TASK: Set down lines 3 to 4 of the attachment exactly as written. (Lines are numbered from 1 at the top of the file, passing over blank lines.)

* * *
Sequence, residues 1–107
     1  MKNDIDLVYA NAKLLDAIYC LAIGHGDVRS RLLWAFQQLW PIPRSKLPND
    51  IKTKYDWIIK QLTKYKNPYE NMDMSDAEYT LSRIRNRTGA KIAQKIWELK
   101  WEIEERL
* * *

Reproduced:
    51  IKTKYDWIIK QLTKYKNPYE NMDMSDAEYT LSRIRNRTGA KIAQKIWELK
   101  WEIEERL